The coalition to pass California’s affordable housing initiative, Proposition 10, has a message for voters ahead of the November 6 midterm elections: “You are the company you keep.”
Yes on 10 released an ad on Sept. 30 that exposes the close ties between Donald Trump and the wealthy real estate tycoons who have financed efforts to defeat the bill. Prop 10 would repeal the Costa-Hawkins Rental Housing Act, thereby allowing state and local governments to pass rent control ordinances, thus hurting the profits of large property developers.
The campaign for Prop 10—which is sponsored by AIDS Healthcare Foundation and supported by the ACLU and the California Democratic Party, among others—called out four multi-millionaire and billionaire “predatory landlords:” Geoffrey Palmer, Michael Hayde, Jackie Safier, and Stephen Schwarzman. Records show each has contributed financially to Trump’s presidential election, reelection, and/or inaugural campaigns.
In August 2016, Politico reported Palmer had emerged as the single largest Trump donor in the United States following his $2 million contribution to the Rebuilding America Now PAC. Also during the 2016 election cycle, Safier and Hayde gave, respectively, $233,900 and $12,500 to the Republican National Committee and Trump’s campaign. And for his part, after Schwarzman pledged $250,000 for the President’s inaugural committee, The Washington Post reports that by 2018 he became one of the President’s most generous donors. The paper also noted the billionaire’s role as a “key advisor with rare and regular access” to the White House.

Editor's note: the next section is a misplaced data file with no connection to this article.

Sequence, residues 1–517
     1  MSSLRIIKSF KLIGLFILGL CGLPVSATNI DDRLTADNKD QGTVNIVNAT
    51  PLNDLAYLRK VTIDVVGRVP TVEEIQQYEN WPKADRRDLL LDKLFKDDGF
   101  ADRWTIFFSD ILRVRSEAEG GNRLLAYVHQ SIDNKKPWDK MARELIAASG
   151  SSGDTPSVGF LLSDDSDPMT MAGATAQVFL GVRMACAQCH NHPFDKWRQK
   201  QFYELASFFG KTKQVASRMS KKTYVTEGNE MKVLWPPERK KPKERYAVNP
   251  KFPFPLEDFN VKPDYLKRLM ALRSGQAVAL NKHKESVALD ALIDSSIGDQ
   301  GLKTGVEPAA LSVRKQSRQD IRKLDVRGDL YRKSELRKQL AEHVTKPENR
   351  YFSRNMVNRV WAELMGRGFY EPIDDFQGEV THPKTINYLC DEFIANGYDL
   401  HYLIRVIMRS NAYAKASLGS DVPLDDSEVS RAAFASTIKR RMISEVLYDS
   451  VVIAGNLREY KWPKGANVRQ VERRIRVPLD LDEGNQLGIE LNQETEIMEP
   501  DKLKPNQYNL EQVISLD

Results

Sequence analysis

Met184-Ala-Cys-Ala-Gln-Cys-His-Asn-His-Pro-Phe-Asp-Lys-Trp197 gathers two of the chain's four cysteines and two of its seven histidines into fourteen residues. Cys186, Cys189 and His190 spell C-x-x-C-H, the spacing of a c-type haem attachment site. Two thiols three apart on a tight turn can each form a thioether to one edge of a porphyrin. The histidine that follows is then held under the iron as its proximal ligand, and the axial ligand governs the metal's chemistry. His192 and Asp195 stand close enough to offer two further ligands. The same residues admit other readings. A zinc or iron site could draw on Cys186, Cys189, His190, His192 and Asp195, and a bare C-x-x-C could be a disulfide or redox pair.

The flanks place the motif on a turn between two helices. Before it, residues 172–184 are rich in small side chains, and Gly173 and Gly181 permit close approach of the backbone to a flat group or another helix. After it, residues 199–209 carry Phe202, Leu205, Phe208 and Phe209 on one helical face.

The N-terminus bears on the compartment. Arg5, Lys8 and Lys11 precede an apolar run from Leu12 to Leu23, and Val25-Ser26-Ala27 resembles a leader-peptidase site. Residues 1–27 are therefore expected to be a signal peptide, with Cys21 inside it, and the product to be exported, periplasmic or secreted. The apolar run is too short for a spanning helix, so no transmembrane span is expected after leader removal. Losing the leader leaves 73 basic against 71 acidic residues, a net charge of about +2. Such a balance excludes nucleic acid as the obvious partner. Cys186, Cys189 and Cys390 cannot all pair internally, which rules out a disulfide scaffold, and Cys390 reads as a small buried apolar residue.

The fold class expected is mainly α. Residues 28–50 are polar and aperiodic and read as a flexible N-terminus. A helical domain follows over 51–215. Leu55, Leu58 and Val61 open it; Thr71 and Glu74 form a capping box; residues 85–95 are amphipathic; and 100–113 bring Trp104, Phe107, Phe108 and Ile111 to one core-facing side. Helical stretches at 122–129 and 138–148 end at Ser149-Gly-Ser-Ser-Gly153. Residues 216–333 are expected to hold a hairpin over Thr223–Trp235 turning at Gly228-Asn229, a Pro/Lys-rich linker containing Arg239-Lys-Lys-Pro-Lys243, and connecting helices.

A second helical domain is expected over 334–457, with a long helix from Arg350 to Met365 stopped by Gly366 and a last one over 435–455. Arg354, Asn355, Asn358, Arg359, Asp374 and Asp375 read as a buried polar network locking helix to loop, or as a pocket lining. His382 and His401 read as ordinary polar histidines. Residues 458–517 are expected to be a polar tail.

Together, all four have contributed more than $10 million to defeat Prop 10, bringing the total amount of money raised by opposition PACs to more than $45 million—which exceeds by more than three times the total contributions to pro-Prop 10 groups.
Despite the use of Trump as a political wedge in hopes of uniting Democratic support for Prop 10, and despite the endorsement from California’s Democratic Party, divisions over the measure are not measured across strictly partisan lines. Progressive favorite Lieutenant Governor and gubernatorial candidate Gavin Newsom, for example, is an outspoken member of the “No” camp. At a housing conference in March, he said he was open to restrictions but thinks outright repeal would “have unintended consequences on housing production that could be profoundly problematic,” potentially worsening a housing crisis fueled by the dearth of supply and excess of demand.
Los Angeles Mayor Eric Garcetti, on the other hand, supports Prop 10. “I’ve always believed that those who live closest to a given block or a street know what’s best. Local government should have control over their own city,” he said, City News Service reported.
AHF believes this is a larger fight. “From a social justice point of view,” says AHF President Michael Weinstein, “we are seeing mass displacement… and we feel like shelter is the most basic right and people are being deprived of that and we don’t believe that the marketplace can handle providing shelter to everyone who needs it.”
From a public health point of view, he adds, “we see our clients being rendered homeless or being pushed further and further out from where our healthcare centers are.”
Yes on 10 also noted that Big Pharma contributed $500,000 to an anti-Prop 10 PAC, ostensibly with the sole intention of defeating AHF’s Weinstein who has long challenged drug pricing and practices of pharmaceutical companies.